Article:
When I was first introduced to the game, the introduction was along the lines of:“Follow suit, bid whatever you want, you can agree on anything with partner, and just tell the opponents what you agreed on.” That was beautiful I thought, since I could obviously think of better agreements than any person alive, I would be king of the world very soon. (That is the youth part you have forgotten). Had I been introduced to the game with the words:“Learn this book of rules, and when you are done reading that, there is nothing else to learn about bidding, as the rest of the methods are banned.”, I would tell you and your silly game to f**k off. (That youth thing again.)

Today I do play short club with transfers, symmetric relay, I open preempts and notrumps on filth, open light, and do just about everything light. Not because I think it is the only way to play the game, but because it is FUN.

And even today, when I've fallen for the game hook, line and sinker if you told me that I have to play some neanderthal system I would tell you to f**k off.
Jan. 1, 2017
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I don't really buy it. Sure the computer could have access to all the hand played by me in the last 10 years, but what good would it do to him on this hand? When was the last time you held an 8 card suit on that auction? Would you have bid it if you had it? How many times had I had to make a lead from a 1-5-1-6 hand against a grand? Is it the case that what the opponents have shown while getting to their grand is irrelevant to my lead? Do I really never make a different bid/lead based solely on the tempo of the opponents auction or simply my mood?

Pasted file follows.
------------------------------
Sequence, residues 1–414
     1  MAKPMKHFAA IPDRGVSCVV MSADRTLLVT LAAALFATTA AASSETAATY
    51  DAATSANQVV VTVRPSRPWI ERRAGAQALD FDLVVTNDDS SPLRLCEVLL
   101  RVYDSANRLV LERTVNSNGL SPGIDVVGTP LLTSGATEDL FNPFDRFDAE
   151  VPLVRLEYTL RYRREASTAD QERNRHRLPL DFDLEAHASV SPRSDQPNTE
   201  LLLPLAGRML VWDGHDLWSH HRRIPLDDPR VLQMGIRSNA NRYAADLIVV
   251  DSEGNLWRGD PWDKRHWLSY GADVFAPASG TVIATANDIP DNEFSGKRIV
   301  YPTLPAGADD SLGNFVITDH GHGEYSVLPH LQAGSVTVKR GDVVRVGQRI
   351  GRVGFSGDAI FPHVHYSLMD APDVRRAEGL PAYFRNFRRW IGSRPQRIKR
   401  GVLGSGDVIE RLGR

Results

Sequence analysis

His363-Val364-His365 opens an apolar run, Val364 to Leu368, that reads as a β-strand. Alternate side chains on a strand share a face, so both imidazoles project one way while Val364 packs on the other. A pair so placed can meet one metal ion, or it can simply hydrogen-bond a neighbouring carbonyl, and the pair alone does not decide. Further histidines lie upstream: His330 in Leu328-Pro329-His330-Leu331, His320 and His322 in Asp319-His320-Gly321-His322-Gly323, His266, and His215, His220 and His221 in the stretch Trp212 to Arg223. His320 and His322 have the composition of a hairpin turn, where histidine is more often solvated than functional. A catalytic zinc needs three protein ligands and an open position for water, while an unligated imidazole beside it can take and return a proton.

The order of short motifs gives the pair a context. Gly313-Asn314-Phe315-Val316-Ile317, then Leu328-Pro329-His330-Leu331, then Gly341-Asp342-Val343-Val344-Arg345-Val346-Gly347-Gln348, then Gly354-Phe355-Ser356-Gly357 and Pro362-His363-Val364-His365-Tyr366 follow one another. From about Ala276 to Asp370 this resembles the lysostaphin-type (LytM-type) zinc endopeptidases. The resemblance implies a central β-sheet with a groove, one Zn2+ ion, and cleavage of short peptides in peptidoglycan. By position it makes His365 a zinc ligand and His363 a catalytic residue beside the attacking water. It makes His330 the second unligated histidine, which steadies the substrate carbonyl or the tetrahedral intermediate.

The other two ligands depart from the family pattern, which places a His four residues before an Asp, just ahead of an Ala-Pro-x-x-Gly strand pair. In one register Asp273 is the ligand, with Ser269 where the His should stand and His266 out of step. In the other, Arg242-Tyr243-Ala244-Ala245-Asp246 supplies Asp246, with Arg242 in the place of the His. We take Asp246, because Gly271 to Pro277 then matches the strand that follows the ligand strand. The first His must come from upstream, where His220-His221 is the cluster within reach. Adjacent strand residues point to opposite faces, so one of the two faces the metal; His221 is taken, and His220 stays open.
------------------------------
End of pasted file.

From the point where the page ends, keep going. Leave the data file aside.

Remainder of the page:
No two situations are the same, and in order to extrapolate applicable information from the set of hands that the computer has on me to the hand being played you have to make certain assumptions. You then have to weigh some hands as being more relevant than others, as the spot I was in is closer to the hand we are playing now. In the end to decide what would be the most likely action by me in the given spot, you will pretty much have to guess what I thought about when I had made the action that I did. That part I really doubt a computer will ever to better than a human.

As far as the neural net goes, good luck getting it to teach it self to bid. It will either play against a computer in which case you'll get it to bid efficiently against a computer or you had best find yourself a set of humans willing to play 10^12 hands(or whatever the number is) vs a neural net.
Feb. 7, 2016
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As a guy who voted “Never”, let me try and explain why I feel that way.

Barry Greenstein is world class poker player, and author of the excellent “Ace on the River” book. He also has a Phd in computer science. This is what he wrote on the subject of computers playing poker:

“It would be difficult to play against a computerized opponent with a good strategy. The computer wouldn't steam or have tells like a live opponent. If I were to program a computer to play poker, I would use statistical rankings of hands, pot-odds decisions and bluffing calculations based on principles of game theory. It is likely that a computer can be programmed using concepts of non-cooperative game theory to beat expert poker players, but it will be a long time before computers will be able to exploit weaker players as well as an expert can. Poker sense is hard to program.”